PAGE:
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Thoughts from Insurance Technology Congress 2013, London

Craig Beattie
Insurance Experts' Forum, October 3, 2013

Insurers and vendors met in London to discuss insurance technology in late†September this year. The audience mostly consisted of those with an interest in the London market and Lloyds, though there were representatives from general insurers in the United Kingdom too.

I was glad to see that the tone of the meeting had shifted. In years past, there has been a theme of technology and modernization being necessary but too difficult. This is a market that has seen some high profile and expensive failures in IT along with successes. While at the conference, I heard again the call to action, the need to modernise, but there was a much clearer sense of optimism, a way forward.

There are still very large, expensive projects in the market, with Jim Sadler, CIO of XChanging, giving a colourful view of the latest deployment on behalf of the market. Alongside these are independent initiatives, demonstrating the value of standards and cooperation amongst competitors in the market.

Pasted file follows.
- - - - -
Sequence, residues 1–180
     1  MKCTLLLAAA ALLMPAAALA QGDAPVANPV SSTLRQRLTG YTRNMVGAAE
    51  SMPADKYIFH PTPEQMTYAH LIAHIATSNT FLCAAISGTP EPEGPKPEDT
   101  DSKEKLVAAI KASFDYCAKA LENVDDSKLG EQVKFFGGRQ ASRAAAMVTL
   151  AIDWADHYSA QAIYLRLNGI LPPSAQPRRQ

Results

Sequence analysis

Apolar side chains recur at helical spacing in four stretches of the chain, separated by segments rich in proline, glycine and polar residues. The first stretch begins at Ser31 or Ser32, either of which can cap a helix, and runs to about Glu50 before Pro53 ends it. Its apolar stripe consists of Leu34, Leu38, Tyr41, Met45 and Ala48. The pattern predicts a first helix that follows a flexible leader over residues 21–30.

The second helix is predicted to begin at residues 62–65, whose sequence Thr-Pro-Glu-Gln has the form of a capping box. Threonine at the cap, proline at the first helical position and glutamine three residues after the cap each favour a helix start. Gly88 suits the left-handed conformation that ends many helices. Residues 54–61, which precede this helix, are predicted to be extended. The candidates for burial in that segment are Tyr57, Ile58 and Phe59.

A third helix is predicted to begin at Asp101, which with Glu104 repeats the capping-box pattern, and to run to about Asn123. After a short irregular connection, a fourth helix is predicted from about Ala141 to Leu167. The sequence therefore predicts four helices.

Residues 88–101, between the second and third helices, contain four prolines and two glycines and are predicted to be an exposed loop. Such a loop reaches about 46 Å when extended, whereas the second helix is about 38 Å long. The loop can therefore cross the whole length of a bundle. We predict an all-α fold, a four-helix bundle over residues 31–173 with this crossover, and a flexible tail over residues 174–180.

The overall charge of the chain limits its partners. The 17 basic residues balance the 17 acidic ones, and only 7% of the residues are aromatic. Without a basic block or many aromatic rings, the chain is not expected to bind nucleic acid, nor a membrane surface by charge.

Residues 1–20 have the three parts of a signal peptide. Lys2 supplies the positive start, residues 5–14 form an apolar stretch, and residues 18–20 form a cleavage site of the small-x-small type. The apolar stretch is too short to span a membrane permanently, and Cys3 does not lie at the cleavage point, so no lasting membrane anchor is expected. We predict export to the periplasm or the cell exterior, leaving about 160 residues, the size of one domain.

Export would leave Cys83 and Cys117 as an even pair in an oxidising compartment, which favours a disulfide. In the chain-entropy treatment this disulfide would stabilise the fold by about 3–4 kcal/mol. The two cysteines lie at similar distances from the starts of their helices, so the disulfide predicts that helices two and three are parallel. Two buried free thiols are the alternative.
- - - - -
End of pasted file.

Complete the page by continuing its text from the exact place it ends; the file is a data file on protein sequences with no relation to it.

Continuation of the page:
A panel discussing the eAccounting initiative, Ruschlikon, led by XL Groupís Simon Squires, gave a surprising, engaging and transparent story of how a group of insurers and brokers collaborated and delivered technology that fundamentally improved their operations and speed of response to the insured. Genesis offered another example of a group of insurers coming together and collaborating to fix an issue that again, slowed down the market and affected customer service. In the course of the proceedings the architect of Genesis mentioned the best thing for the project would be that it is superseded by something that worked better, but that wasnít a reason not to do it.

Throughout the discussions there was a theme of automating where human interaction didnít add value, but not automating for the sake of automation. There were discussions about delivering smaller projects, doing it quicker, collaborating and adopting standards where this didnít affect competitive advantage and not doing so harmed customer service.

As before and for the last few decades, there was a sense of a need to modernize, to attract new talent, to move the market forward. This year there was a real sense of optimism, sample projects that have moved quickly and gained adoption, a way forward.

This blog has been reprinted with permission from Celent.

Craig Beattie is an analyst in Celent's insurance group, and can be reached at cbeattie@celent.com.

Readers are encouraged to respond to Craig using the ďAdd Your CommentsĒ box below.

The opinions posted in this blog do not necessarily reflect those of Insurance Networking News or SourceMedia.

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